What follows are a number proven and successful marketing strategies that you can learn, you can do, you can afford and that—best of all—work.

Market Research for Apparel Decorators

“Market Research” is a meaningless phrase to many business owners in the decorated-apparel industry. Many assume only big companies do it. Here is how to make market research relevant to your business with just three simple questions:

  1. What is the average dollar amount for your orders?
  2. How much do your customers spend with you annually on average?
  3. How often do your customers place an order with you?

By answering these three questions, you can in turn determine the dollar value of every customer and every sale. Don’t look now, but you just did market research!

Putting in some specific numbers, if your average order from a trades business owner (plumber, builder, painter, electrician) is $450, and they place orders four times a year, it makes sense that each of these kinds of customers is worth $1,800 per year. If, on the other hand, your “onesie” and gift customers spend about $40 with you just once a year, clearly these customers are worth $40 per year each. Which group of customers do you want to get more business from, gift and onesie customers or tradespeople?

When you start doing this kind of research, you will likely notice your customers falling into several different categories, such as onesie and gift customers, family or family event customers, trades customers, schools, teams and sports customers. Look at the numbers from the customers in your different categories to find your best sources for profitable orders.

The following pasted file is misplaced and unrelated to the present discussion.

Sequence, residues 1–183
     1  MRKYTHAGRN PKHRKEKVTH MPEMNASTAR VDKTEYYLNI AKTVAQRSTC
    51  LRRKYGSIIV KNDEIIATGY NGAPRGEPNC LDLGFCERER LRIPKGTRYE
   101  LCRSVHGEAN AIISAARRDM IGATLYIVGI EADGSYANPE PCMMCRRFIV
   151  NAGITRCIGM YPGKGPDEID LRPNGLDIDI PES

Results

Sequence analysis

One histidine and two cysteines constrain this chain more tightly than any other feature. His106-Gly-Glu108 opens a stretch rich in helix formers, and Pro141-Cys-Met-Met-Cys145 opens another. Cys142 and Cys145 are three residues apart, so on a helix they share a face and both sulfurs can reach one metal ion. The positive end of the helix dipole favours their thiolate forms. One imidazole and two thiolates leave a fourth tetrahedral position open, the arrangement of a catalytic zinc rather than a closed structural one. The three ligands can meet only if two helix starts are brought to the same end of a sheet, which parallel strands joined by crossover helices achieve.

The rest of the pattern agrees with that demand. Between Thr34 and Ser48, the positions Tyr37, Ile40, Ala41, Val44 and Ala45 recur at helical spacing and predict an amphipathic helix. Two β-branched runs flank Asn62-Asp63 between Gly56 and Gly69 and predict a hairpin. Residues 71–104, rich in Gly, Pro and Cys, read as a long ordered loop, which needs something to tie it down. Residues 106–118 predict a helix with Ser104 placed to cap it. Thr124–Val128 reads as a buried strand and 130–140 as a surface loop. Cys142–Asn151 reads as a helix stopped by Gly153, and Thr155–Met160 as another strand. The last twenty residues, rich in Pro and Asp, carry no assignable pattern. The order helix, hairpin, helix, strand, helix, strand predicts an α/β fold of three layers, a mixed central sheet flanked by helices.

By looking back over the past several months or, better still, an entire year of orders, patterns will emerge that will help you identify where to invest your marketing time, money and efforts, so you can attract more customers and orders like those placed by your best categories of customers.

Rewards and Referrals Programs for Decorators

This is a simple, yet effective, marketing strategy that many businesses often overlook. You may think these programs only work for companies that have large customer bases, when in fact, your business can greatly benefit from such a program, as it is one of the best ways to generate leads locally.

Consider it from a prospective customer’s perspective. Would you rather do business with a company that you’ve never heard of after simply looking at a promotion or ad? Not too likely, unless you have an immediate need for whatever it is that they are offering. If, on the other hand, someone you know and trust recommends a local business to you would you consider at least checking out the business they suggested? The answer for most people would be, yes.

That’s the power and the beauty of referral marketing—and why you should make a point of offering a referral program. When you provide a great experience and your customers love their custom products, they will be more inclined to leave reviews, give testimonials and tell their friends about you. By providing rewards for doing so, you further incentivize your existing customers to recommend your business to their friends.